Support the Café
Search our site

What Must I Do?

What Must I Do?

Mark 10:17-31

 

Christ’s relationship with us, his followers, is a love story.  His is self-sacrificing love of the most profound sort. He puts himself on the line again and again, hoping to hear a “yes” from us when he poses the life-giving choices.  Such is the case when the rich young man kneels before him.

 

Have you ever had the experience of praying so consistently, in such a disciplined way, that you come face to face with a crucial issue demanding of you a “yes”?  The rich young man, through keeping the commandments from his youth, was in that kind of a place. And it happened to me as well, back when I was first writing icons.  The prayer discipline had taken hold of me.

 

It was a time when I was at odds with my local parish.  A small group of friends and I were meeting in my living room on a fairly regular basis to share communion led by one of our number who was a priest.  It was a rural, Wyoming town; there were no other choices.

 

We were in the right.  A huge abuse of power was going on at the parish church.  Our attempt to address it had resulted in us being shunned.  I had no qualms about seeking an alternative way to worship, none whatsoever.  But then somehow, through my prayer practice, I found myself kneeling at Jesus’ feet.

 

“Pray for your enemy,” he told me.  That was an astounding request, one I hated.  How could I honestly do it? It would put me at odds not only with the church but with my small group of friends who were fellow exiles.  And yet, the notion was so powerful I could not deny it was God-sent. And so I did it.

 

It’s not an easy thing to ask God for health and blessings and well-being for someone who is actively doing you harm, and to do that on a daily basis for months.  But it does put things in perspective. In the larger scheme of things we must fight for justice at the same time as we also remember to love. It was exactly what I needed to do in that moment to inherit eternal life.

 

The task of the rich young man was to give up his possessions.  He did not find it possible to say “yes” to that request, as he had quite a few of them, many of which he loved a great deal.  We are all in that boat. Why else would people be gathering at our borders in desperate yearning for something – anything – just the crumbs that fall from our table?  And Christ does put us in mind of that whenever we kneel at his feet. What the world could do with our accumulated wealth!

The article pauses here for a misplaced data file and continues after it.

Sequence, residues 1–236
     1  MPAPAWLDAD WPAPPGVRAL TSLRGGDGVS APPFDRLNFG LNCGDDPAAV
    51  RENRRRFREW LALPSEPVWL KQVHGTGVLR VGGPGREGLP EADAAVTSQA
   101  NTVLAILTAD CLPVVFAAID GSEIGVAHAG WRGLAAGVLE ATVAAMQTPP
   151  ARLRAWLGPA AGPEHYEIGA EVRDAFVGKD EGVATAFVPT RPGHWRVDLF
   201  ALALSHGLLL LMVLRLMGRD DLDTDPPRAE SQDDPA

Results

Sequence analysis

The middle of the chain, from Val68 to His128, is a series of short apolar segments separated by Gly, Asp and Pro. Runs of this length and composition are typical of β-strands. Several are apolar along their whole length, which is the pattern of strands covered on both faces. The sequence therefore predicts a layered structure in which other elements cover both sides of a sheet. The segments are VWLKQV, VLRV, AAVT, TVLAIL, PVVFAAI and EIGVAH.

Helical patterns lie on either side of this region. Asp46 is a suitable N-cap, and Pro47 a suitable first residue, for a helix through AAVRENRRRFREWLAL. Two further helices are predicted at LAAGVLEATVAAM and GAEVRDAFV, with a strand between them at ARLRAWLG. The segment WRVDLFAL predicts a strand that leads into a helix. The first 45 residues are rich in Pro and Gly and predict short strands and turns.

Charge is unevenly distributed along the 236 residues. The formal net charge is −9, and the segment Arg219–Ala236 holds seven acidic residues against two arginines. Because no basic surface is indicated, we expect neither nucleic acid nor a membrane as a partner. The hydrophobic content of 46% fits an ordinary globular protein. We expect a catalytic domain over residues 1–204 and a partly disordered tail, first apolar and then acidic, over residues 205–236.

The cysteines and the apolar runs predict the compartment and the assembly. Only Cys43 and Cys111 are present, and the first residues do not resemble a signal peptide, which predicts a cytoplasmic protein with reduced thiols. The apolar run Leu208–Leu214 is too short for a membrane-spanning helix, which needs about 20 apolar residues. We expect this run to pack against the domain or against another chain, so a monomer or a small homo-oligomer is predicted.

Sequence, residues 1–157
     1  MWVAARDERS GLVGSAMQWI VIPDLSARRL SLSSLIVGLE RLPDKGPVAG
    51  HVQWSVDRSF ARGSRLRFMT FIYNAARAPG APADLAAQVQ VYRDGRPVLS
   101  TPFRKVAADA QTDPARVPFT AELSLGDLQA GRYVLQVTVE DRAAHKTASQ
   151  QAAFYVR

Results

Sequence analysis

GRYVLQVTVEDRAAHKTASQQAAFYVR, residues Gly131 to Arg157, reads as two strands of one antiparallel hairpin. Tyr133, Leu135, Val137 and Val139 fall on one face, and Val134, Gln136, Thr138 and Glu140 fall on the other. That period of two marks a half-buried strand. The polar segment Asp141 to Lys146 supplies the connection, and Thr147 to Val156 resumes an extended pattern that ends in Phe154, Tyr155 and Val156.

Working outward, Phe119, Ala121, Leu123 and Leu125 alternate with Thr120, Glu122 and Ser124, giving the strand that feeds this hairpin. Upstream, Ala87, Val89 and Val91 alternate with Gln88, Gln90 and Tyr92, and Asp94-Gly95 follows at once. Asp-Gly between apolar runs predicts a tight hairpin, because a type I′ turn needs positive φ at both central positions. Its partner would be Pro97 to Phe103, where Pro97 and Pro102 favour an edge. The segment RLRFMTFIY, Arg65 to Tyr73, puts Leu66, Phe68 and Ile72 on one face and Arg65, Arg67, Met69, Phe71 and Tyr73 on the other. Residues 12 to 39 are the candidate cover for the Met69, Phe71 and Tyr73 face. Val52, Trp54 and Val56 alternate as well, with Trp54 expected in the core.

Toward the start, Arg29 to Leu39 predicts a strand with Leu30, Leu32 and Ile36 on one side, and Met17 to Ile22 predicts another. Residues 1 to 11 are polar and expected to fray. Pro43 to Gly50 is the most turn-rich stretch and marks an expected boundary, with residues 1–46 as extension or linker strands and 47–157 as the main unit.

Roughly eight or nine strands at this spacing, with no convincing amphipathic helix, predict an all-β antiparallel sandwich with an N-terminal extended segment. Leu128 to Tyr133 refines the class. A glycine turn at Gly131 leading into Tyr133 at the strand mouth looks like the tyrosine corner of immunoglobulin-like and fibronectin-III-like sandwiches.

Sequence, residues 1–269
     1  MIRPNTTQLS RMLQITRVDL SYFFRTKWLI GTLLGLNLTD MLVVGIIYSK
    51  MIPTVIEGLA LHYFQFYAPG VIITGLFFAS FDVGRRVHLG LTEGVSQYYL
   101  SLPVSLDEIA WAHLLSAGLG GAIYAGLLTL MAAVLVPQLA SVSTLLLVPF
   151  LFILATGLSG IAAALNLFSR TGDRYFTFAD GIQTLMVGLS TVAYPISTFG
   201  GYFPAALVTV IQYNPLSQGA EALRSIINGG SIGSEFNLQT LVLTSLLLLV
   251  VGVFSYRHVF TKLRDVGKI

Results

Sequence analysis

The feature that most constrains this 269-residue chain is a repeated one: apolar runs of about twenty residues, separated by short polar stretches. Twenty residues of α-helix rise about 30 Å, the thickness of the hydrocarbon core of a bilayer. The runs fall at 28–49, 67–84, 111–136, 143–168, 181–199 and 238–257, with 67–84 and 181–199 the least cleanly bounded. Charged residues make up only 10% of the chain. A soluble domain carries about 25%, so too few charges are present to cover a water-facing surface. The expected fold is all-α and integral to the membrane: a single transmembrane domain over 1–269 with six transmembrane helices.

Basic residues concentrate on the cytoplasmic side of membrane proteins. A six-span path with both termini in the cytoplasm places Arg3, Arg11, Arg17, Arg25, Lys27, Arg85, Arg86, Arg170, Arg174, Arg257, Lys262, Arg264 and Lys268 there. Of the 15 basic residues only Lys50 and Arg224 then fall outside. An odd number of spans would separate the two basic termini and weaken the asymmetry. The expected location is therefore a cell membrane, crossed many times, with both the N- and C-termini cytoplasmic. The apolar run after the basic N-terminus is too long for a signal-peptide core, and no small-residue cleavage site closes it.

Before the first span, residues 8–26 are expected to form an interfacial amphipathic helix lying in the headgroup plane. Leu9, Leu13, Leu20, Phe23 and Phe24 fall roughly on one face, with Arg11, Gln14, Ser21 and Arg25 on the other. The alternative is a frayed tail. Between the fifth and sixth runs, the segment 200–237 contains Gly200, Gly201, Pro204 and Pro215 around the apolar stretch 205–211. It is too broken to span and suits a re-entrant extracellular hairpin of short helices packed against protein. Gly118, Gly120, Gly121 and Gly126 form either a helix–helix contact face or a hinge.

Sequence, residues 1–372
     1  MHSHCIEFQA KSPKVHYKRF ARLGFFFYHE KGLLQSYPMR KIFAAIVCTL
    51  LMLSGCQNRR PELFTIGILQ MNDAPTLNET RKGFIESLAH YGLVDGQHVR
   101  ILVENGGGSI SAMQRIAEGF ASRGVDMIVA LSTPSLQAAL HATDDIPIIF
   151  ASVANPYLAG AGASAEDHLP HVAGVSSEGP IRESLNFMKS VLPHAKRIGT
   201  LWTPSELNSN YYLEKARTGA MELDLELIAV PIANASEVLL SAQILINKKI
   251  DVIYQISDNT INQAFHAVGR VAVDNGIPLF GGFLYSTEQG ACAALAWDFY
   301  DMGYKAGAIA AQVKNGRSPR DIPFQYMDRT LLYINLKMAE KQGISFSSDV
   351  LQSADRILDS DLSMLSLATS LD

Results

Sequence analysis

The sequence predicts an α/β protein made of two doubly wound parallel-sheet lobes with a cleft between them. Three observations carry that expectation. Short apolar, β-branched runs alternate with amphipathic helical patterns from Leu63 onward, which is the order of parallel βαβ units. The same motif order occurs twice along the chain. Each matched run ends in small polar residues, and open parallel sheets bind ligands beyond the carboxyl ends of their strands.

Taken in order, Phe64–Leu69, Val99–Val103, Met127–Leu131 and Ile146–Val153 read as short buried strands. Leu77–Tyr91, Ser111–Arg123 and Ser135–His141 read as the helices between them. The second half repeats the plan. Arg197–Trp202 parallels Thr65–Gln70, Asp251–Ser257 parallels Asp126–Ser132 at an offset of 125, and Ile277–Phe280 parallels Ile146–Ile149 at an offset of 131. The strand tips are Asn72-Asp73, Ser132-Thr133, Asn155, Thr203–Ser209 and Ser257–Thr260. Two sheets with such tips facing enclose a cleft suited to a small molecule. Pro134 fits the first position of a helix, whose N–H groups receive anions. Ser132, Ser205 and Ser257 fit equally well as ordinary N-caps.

“Impossible to give it up,” we say.  “There are the kids to think about. Our own security.  Does it do anyone any good if we ourselves become homeless and destitute?”

 

And Jesus replies, “Yes, it’s impossible for human beings.  But not for God. Nothing is impossible for God.” That does put things into perspective.

 

Follow your prayer discipline along the paths it leads you until you find yourself kneeling at Jesus’ feet.  What is the one request he makes of you in that moment? What is your reply?

 

Laurie Gudim is a writer and religious iconographer living in Fort Collins, Colorado.  For more about her and a bit of her work, go here.

Dislike (1)
Facebooktwitterpinterestlinkedinmail

Café Comments?

Our comment policy requires that you use your real first and last names and provide an email address (your email will not be published). Comments that use non-PG rated language, include personal attacks, that are not provable as fact or that we deem in any way to be counter to our mission of fostering respectful dialogue will not be posted.

Facebooktwitterrss
Support the Café
Past Posts
2020_001

The Episcopal Café seeks to be an independent voice, reporting and reflecting on the Episcopal Church and the Anglican tradition.  The Café is not a platform of advocacy, but it does aim to tell the story of the church from the perspective of Progressive Christianity.  Our collective sympathy, as the Café, lies with the project of widening the circle of inclusion within the church and empowering all the baptized for the role to which they have been called as followers of Christ.

The opinions expressed at the Café are those of individual contributors, and, unless otherwise noted, should not be interpreted as official statements of a parish, diocese or other organization. The art and articles that appear here remain the property of their creators.

All Content  © 2017 Episcopal Café